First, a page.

She cooked this dish for the second time. I really like its taste. I just called it hubad na lumpiang sariwa cause my wife was too lazy to wrap it.
toge – munggbean sprouts, unknown quantity, sliced
camote, unknown quantity, sliced
sayote, unknown quantity, sliced
carrots, unknown quantity, sliced
singkamas, unknown quantity, sliced
snap beans, unknown quantity, sliced
one onion, sliced
one clove garlic, minced
salt to taste
1) Saute onion and garlic over low flame. Again, a slow saute for at least five minutes until you can smell the delicious taste of garlic and onion.
2) Add toge, camote, carrots, sayote, singkamas and snap beans. Mix continuously for five minutes.
4) Add salt to taste and remove from fire immediately. Crunchy veggies has better eating quality than fully cooked / overcooked.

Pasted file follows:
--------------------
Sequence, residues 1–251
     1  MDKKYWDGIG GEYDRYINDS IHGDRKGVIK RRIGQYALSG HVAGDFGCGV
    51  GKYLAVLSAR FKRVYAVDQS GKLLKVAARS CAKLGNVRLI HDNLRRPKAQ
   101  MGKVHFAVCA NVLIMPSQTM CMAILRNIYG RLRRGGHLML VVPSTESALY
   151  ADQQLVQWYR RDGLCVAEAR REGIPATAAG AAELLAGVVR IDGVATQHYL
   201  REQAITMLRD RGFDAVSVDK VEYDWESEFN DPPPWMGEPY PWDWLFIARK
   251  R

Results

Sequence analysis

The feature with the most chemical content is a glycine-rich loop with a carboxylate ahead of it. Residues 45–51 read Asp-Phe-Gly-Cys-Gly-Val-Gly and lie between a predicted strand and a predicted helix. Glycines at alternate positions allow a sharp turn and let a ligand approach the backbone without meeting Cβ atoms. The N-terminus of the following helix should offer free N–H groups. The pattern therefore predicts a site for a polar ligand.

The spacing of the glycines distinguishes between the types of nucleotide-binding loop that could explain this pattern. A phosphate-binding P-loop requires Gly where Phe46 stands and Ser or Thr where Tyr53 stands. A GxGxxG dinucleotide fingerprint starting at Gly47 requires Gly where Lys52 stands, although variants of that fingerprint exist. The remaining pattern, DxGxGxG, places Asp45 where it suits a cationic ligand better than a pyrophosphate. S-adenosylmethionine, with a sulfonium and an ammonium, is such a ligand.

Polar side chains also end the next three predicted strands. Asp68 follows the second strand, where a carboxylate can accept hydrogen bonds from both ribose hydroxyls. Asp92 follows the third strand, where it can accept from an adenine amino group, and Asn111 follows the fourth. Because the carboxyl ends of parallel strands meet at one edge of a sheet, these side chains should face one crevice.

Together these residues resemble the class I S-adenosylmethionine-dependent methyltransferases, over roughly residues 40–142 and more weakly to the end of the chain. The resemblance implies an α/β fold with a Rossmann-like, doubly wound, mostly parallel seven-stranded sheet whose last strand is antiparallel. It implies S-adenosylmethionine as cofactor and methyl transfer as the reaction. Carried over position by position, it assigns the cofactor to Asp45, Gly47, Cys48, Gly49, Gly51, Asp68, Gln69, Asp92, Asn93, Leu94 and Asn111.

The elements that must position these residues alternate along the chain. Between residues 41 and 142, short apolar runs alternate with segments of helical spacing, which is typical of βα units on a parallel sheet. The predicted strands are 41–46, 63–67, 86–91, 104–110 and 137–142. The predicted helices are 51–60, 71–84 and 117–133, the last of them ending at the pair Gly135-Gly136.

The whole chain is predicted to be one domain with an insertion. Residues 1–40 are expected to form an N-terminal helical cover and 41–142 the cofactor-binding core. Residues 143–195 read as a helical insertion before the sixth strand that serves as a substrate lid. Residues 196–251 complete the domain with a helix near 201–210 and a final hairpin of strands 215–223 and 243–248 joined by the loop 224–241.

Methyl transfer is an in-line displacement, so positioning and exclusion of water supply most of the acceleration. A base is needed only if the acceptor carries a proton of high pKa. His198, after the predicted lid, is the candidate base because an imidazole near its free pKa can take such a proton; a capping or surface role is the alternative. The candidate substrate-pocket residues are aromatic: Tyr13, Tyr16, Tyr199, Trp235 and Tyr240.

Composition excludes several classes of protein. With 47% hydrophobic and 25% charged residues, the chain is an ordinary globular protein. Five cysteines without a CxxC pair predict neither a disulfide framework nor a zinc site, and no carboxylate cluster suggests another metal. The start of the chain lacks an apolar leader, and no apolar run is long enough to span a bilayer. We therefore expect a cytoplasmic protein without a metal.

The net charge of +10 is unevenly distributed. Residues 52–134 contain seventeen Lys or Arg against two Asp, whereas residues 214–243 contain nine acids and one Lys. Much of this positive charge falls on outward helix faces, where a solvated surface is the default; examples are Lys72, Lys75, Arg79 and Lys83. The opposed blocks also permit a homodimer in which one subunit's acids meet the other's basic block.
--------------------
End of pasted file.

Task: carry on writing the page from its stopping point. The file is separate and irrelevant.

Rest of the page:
Notice that measurement of toge, camote, sayote, carrots, singkamas and snap beans are unknown. I really don’t know the exact measure of each ingredients and I am not willing to know. The ingredients are premix, meaning they are ready to cook. She bought it from public market / talipapa for 15 pesos per 1/4 kilo. Cheap and very convenient. Cutting are done by the sellers. Buying individual components is costly.
Based from my observation, those premix vegetables (lumpiang sariwa and pinakbet) are made from rejects. Yes they are indeed from rejects. I often saw merchants trimming away parts with worms and cracks.
Throwing away rejects will be a considerable amount of waste. Trimming and keeping the good part is great solution. There is no harm consuming vegetables half-eaten by worms. In fact, worms could be an indication a pesticide free commodity.
P.S. Rinse well before cooking!
Marvin is the lead chocolate maker of Ben and Lyn Chocolate Inc. Has strong background in food research and development. Occasionally conducts training and lectures. Lecturer of Cocoa Foundation of the Philippines. Do coaching and consultancy services on his free time.